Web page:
Niger Economy and History

Niger Economy and History

(République du Niger). State of north-central Africa (1,267,000 km²). Capital: Niamey. Administrative division: departments (8). Population: 14,296,816 (2008 estimate). Language: French (official), djerma, hausa, local languages, kanuri, poular, tamachek. Religion: Sunni Muslims 88.7%, animists / traditional beliefs 11%, others 0.3%. Monetary unit: CFA franc (100 cents). Human Development Index: 0.370 (174th place). Borders: Algeria and Libya (N), Chad (E), Benin and Nigeria (S), Burkina Faso (SW), Mali (W). Member of: CEDEAO, OCI, UN, AU and WTO, EU associate.


According to itypeusa, internal trade still takes place largely in a traditional way, between nomads or semi-nomads and sedentaries; however, it is very limited. As for foreign trade, Niger exports mainly uranium and for the rest animals, livestock products (meat, leather and skins), peanuts and its derivatives, while it mainly imports machinery, vehicles, petroleum products, fabrics; the trade balance generally has fairly small liabilities. The exchange still takes place with the United States, France and Nigeria. § The communication routes are inadequate: there are no railways and the roads developed for 18,400 km in 2005. The two major road arteries plow the country from N to S, connecting it with almost all the surrounding states. The Niger River is navigable for approx. 300 km; the city of Gaya, located on the Niger near the border with Benin and Nigeria, is the largest river port in the country; in 1973 the Gaya- Port Harcourt waterway was opened, an active port of Nigeria on the Gulf of Guinea, thus giving Niger direct access to the sea. The main airport is the international airport of the capital.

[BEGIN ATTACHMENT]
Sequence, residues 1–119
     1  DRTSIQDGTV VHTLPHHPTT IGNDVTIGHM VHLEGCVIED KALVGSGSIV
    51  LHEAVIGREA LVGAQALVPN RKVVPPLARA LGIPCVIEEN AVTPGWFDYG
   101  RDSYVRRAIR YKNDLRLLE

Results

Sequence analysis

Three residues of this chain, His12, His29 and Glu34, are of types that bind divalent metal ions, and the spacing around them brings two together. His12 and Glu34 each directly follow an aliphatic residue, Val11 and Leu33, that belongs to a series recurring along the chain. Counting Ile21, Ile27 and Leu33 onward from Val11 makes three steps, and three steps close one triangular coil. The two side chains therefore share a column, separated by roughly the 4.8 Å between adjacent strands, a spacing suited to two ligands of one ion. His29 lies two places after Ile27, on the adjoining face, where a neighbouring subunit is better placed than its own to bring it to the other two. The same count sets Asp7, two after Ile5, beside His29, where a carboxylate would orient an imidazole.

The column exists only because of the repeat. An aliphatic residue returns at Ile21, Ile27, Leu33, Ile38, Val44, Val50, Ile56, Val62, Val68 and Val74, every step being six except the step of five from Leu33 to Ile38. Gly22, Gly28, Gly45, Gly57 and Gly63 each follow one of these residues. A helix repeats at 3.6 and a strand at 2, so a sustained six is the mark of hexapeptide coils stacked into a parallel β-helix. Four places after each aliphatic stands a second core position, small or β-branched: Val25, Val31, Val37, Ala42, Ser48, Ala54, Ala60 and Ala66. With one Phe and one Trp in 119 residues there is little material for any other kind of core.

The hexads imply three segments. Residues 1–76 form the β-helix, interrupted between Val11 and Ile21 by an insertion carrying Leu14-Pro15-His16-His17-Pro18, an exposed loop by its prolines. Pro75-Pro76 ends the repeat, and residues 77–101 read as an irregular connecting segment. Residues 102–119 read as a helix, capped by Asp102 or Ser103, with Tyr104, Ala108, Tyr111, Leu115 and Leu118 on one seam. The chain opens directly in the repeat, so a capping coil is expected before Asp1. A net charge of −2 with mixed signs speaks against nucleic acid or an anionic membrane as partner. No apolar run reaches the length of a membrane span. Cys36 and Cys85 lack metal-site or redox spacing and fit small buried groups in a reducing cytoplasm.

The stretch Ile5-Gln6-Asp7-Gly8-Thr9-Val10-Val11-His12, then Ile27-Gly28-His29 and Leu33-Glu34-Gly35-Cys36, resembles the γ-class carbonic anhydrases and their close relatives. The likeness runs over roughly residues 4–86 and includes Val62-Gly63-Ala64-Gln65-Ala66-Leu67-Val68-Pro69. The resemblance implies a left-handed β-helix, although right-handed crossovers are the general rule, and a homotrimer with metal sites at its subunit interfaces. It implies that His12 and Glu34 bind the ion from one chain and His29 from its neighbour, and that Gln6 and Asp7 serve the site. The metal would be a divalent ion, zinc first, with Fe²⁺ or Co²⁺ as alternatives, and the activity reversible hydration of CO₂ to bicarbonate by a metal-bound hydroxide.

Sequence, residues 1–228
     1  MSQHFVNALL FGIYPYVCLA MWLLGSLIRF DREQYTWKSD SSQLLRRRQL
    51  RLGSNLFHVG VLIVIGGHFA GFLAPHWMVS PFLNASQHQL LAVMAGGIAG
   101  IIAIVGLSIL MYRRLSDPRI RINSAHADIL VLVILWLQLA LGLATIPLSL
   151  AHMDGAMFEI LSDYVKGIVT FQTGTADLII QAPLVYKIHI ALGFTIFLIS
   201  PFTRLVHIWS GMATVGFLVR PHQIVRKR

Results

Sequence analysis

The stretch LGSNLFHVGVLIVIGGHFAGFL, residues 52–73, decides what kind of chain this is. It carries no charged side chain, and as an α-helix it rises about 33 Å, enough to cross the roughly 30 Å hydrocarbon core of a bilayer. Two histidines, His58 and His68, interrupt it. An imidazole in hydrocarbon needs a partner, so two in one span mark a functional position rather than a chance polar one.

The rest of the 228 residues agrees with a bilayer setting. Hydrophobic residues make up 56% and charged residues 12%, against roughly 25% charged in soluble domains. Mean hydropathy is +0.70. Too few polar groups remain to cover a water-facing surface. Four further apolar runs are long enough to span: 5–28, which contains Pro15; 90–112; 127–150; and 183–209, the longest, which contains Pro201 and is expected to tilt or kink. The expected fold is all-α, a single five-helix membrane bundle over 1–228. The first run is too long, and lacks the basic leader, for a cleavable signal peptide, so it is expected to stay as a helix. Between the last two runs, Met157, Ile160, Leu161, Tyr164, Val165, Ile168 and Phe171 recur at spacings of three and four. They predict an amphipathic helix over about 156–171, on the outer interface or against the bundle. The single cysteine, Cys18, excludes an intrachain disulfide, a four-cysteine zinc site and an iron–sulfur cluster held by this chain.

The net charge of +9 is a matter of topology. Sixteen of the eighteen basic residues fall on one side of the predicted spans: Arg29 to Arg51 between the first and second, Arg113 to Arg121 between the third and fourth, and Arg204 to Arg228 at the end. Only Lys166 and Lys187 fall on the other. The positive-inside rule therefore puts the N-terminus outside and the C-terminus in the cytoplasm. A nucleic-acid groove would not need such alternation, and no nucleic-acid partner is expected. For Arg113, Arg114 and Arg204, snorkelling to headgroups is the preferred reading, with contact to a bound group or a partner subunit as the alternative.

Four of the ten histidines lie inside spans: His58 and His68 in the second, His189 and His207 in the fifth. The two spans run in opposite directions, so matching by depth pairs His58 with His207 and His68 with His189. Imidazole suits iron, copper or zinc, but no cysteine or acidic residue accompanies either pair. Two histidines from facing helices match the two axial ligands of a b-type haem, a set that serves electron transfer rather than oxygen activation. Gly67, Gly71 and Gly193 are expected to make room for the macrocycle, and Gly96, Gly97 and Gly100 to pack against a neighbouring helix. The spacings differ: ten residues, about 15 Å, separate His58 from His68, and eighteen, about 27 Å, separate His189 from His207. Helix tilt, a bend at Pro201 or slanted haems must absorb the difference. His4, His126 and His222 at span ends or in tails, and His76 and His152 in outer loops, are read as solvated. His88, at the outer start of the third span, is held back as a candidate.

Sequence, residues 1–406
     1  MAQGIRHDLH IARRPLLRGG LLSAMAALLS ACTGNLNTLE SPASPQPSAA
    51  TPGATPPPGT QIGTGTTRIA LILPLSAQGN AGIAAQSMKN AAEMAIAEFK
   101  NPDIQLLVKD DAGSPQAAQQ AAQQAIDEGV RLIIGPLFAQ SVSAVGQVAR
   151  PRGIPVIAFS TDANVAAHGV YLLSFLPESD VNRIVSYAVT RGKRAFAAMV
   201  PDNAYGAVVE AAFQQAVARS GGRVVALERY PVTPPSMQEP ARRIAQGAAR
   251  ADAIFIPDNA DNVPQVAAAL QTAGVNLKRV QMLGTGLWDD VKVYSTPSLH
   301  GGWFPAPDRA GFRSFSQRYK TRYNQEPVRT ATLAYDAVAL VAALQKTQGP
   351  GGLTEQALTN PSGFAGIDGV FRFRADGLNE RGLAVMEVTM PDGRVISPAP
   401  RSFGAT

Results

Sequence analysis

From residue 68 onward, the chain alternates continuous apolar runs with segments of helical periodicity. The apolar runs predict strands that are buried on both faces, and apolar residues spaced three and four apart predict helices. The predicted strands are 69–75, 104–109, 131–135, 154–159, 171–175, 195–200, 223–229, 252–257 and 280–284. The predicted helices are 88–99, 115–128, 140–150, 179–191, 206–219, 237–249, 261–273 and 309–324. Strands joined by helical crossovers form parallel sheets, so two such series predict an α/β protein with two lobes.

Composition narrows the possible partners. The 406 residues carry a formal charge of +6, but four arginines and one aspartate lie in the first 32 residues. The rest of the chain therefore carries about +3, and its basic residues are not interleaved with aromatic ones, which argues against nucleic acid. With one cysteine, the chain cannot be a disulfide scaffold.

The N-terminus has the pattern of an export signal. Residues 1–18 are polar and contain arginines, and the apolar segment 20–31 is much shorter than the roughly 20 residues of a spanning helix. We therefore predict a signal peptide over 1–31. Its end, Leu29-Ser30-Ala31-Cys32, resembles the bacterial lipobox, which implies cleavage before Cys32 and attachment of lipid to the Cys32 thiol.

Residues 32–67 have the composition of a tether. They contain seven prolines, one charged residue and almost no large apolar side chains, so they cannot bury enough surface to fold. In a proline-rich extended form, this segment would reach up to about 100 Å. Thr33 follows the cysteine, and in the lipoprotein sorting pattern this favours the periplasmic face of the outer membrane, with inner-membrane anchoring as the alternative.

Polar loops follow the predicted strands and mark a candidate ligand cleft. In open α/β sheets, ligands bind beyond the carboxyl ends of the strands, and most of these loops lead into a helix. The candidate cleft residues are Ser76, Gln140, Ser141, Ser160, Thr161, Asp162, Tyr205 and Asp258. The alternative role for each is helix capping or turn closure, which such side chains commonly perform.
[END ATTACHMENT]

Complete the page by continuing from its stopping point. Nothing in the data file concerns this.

The geographical area corresponding to present-day Niger has revealed numerous vestiges of human settlement from the Neolithic period, while few are those from the Paleolithic era. Already at the time of Carthage and Rome, the territory was connected to North Africa by caravan routes. In the sec. XIII and XIV the western regions of Niger fell under the influence of the empire of Mali and, subsequently, of that Songhai, whose emperor Askiya the Great (Muḥammad I) took possession of Agadèz in 1515. After the Moroccan conquest of Songhai (1591), various autonomous Songhai kingdoms of little significance were formed in the area between Niamey and Agadèz. Also in the western area other kingdoms emerged which had interesting developments, such as those of Dendi and Djerma (16th-18th centuries); they had considerable weight then, starting from the sec. XVIII and XIX, Fulbe emigration and Tuaregh pressure. The western part of present-day Niger was instead deeply influenced by the kingdom of Kanem first (XIII-XIV century) and then of Bornu. At the beginning of 1800, a new dynasty was established in these regions by the marabout Cheirh Lamine, later overwhelmed by the attack of the adventurer Rabah that tyrannized the country until the decisive clash with the French forces that defeated and killed it in 1900. The territory of Niger, already described by Arab travelers such as Ibn Baṭṭūṭa, Ibn Khaldūn and Leone the African (XIV-XVI century), it began to be explored by Europeans only at the end of the century. XVIII with Mungo Park. They followed in the century. XIX the explorations of Denham, Clapperton, Barth, Nachtigal, Monteil, etc. France and England – that after the Berlin Conference (1885) disputed the control of sub-Saharan Africa – they defined the respective zones of influence in Niger between 1890 and 1899, while the borders with Libya were delimited with Italy in 1935. Initially organized in three territories or military zones (1899-1900), Niger was gradually pacified and then administratively reorganized in 1911 to become a colony in the context of the French West African Federation in 1922. Transformed in 1946 into the Overseas Territory of the French Union, it was able to take advantage of the reforms introduced by the Loi-cadre (1956) and then opt, with the referendum of 1958, to enter the French Community as an autonomous Republic.